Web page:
I had been at it now for ninety days and I was happy to see it getting wrapped up – happy to think of getting somewhere soon with real hot water showers, tired of living on sandwiches and beer. I was tired of gumbo mud on my shoes and the acrid smell of pack rat pee, that old abandoned mountain buildings take on. I would be out of there in another two weeks.
The Finney House was my last building with the last big group of things for me to unwrap and photo and record. It sat there facing west into the sun, all dry-cracked boarded and bleached in the September sunset. I knew I would be going deep into it the next morning, but I drove my truck down there for an early evening look of what was to come. With a beer in my hand, I unlocked the door which was warped and bumped it open with my thigh. It lurched and my dog pushed in past me, excited to chase whatever mice or bugs or dust bunnies that he could find. There is nothing like being in a Victorian house in the oncoming dusk without electricity. Old places with natural light bring on a different set of emotions, ones that you will have never had before in the electric modern world. I was delighted to see that nothing had changed from the day it was built in 1864. The walls and ceiling were all covered with Finney’s muslin “covered wagon” covers. The living room looked like the snow scene interior from Doctor Zhivago’s winter palace, the muslin drooped down looking like big, soft, upside down snow drifts….all white and round and surreal.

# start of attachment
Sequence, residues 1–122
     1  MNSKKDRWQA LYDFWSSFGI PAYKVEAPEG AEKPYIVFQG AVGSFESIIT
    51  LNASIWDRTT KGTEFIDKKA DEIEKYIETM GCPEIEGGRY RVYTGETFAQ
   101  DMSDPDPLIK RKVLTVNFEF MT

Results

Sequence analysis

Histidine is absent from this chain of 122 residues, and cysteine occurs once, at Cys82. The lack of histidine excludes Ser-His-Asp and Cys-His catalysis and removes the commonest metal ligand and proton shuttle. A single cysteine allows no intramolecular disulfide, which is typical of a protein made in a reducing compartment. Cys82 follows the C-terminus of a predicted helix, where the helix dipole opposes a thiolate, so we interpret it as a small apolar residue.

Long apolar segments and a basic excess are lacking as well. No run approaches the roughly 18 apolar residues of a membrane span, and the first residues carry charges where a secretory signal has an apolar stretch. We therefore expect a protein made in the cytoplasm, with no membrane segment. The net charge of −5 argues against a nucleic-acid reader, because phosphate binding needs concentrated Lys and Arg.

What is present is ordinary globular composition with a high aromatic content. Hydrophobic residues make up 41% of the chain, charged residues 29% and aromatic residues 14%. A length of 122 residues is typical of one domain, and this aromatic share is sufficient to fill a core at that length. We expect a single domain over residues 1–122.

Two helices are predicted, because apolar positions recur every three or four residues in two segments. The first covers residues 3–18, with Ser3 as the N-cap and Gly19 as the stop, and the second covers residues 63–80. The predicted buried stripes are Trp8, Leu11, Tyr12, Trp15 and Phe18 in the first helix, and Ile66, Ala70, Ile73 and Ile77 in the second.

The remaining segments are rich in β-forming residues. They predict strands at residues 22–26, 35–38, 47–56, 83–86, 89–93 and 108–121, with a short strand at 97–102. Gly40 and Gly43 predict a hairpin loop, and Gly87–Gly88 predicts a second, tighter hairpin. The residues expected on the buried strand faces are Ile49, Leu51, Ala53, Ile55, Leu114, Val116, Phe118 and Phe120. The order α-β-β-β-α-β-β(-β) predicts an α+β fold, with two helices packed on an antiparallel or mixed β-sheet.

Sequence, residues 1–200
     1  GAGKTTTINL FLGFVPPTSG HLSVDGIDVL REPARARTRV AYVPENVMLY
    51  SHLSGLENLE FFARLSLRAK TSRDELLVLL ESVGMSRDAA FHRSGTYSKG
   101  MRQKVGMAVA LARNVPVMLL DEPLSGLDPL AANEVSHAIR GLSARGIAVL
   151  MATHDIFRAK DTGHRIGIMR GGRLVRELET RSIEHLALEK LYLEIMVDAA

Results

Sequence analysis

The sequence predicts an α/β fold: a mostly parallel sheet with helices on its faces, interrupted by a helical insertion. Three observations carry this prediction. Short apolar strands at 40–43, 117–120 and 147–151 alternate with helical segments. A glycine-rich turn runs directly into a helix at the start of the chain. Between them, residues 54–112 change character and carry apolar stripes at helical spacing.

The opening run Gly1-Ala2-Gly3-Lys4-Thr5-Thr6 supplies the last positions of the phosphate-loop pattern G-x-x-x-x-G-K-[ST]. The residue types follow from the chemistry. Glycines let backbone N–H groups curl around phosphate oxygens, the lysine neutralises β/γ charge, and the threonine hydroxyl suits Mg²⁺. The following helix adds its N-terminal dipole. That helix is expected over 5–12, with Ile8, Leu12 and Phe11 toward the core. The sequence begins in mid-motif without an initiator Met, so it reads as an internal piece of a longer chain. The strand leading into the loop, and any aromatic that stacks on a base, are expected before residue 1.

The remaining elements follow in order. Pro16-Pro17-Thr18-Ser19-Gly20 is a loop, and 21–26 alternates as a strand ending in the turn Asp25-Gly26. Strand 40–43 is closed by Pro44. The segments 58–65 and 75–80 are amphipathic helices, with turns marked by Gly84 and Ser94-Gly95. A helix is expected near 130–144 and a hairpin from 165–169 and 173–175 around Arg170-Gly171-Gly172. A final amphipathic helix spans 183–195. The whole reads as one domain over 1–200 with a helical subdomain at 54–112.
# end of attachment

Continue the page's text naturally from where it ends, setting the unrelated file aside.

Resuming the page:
There were maybe 10,000 pieces in the rambling old building, everything from 1880‘s drugstore patent medicine bottles filled with their odd concoctions of tar and opium to odd frozen daguerreotype photos from the 1860’s, antebellum dresses in trunks and row upon row of boxes of treasures, all collected and locked up sixty years earlier by Charley Bovey….
Finally, on the last day, I spent this fourth day putting it all back in it’s original Finney order. I had taken meticulous photos of how the trunks were stacked up and the boxes arranged…I wanted it to be incarnate, as if I were never there. If I could have replaced the spider webs and dust, I would have.
Now I pulled the door, locked it with the skeleton key and drove off to record my notes into the report.
It was a month later that I received the call from Allen, hired by the state to review my report and verify values.
He seemed a bit excited and it didn’t take him long to get to the point. “Tim, what did you think of what you found upstairs in the Finney House?” “What, I asked?,” not in the morning mood for guessing games.
I awoke this morning to the ringing of telephone.
A young Southern woman asking me to help her to appraise ‘something.’
“What is it”, I asked, crabby at being awakened before 7 a.m.
A poem, she replied.
‘You have to help me get it published. I was so desperate this morning that I even called the White House…they just laughed at me.’
How old are you?
‘Nineteen’, she said.
I was silent for a moment,
“Read it to me.”
My god, it was good, but how do you appraise a poem?